In the interior, the crowded ornament was dropped, and gave place to a chasteness and simplicity of decoration designed in the most perfect taste. Six pillars of grey polished marble on each side formed the aisle; these reared their exceedingly tall slender shafts aloft, and branching at top into the form of a palm, spread out their broad thin foliage to support a roof of matchless elegance. The pulpit, like the pillars, is of grey marble, and covered with the same elaborate lace-work. The whole is a splendid specimen of arabesque, and strikes the beholder as being the product of enchantment rather than the work of mortal hands. It is
THE TOMB OF ALFONZO.
amongst the largest edifices of the kind in Portugal. I had almost forgotten to mention the altar, on which stands the tabernacle, celebrated by all travellers as being one of the largest pieces of plate in existence, at least six feet square. It is of silver, beautifully wrought in the most delicate filigree, but much tarnished. Behind the altar is the vault, containing the tomb of the unfortunate Alfonzo the VI. With much difficulty I persuaded the sexton to open the vault—we descended, and great indeed was the old man's amazement at my removing the lid of the large trunk-shaped coffin. The dryness of the atmosphere has preserved his body in great perfection, evaporating the fluids, and leaving the flesh and skin black, shrivelled, and adhering to the bones; the lips being retracted from this cause, exposed the teeth, which were white and in the finest preservation—the head was small, and the forehead narrow, retreating, and unintellectual. He is dressed in his robes of state, profusely ornamented, with a rich embroidered cap on his head, and round all is wrapped a fine muslin robe, spangled with gold. On each side of him are deposited an infanta of Portugal, his children. The tomb of Don Manuel, who raised this beauteous pile, in honour and commemoration of the voyage and achievements of Vasco de Gama, in the new world, stands on the left of the altar—it is hewn out of an enormous block of black marble, highly polished, and is of great elegance of design and workmanship.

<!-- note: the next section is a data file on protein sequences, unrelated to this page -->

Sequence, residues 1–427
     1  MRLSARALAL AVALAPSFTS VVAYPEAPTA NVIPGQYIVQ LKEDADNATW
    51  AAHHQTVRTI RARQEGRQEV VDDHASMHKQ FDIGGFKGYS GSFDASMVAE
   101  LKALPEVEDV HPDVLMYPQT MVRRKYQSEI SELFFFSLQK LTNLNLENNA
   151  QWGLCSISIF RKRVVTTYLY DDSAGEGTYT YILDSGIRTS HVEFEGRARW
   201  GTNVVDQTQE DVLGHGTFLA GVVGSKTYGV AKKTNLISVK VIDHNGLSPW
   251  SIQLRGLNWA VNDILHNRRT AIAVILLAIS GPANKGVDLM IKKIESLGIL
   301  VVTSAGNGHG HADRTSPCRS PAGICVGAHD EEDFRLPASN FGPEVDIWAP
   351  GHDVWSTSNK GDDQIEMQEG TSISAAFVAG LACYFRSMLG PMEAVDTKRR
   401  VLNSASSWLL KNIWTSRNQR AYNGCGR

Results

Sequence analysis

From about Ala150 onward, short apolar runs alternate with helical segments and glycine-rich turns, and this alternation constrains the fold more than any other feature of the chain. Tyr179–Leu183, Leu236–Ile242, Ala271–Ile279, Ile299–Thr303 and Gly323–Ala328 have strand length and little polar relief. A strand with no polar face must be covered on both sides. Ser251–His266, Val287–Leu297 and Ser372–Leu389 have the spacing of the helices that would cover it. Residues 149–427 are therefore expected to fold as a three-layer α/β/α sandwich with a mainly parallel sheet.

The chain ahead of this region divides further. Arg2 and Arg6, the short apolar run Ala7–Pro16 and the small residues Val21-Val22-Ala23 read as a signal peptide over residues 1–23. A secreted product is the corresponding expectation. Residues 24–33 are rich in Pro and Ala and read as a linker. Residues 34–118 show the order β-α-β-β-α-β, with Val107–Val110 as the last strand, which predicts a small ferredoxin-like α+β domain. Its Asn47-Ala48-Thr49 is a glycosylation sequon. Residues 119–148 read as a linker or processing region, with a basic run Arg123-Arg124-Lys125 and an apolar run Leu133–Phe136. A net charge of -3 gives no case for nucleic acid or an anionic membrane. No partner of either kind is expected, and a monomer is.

THE ALTAR OF ST. ROCH.
Before leaving Lisbon, we must visit St. Roch, which embodies all that is curious and beautiful in the city ; it is now very difficult of access, but well repays all the trouble expended in gaining admission. The general appearance of the interior of the church offers little to comment upon—the roof and walls are gaudily painted; the latter embellished with tasteful pilasters, and altars in white marble, inlaid with bronze, more curious than beautiful; but the grand object of attraction, the famous altar of St. John, stands in a recess to the left, and is concealed from view by a rich crimson curtain, removed, for the inspection of the public, only on one day in the year—the feast of St. John. We were conducted through a dark narrow gallery, and having been led to the centre, opposite the altar, the curtain was slowly withdrawn; and such a sight! After standing in silent admiration some minutes, “Oh, how very grand!” burst involuntarily from us all. It is a perfect gem in Mosaic, where all the splendid marbles of the Peninsula are displayed in the most skilful arrangement. We stood in a small chamber, railed off from the rest of the church; the massive doors on either side through which we entered are of burnished brass, and of most exquisite open-work"; the walls are encrusted with dark marble, from which stand out, in clusters, pillars of polished marble, judiciously contrasted with pilasters of a darker hue, placed behind. The capitals are of the Corinthian order, and wrought in brass, as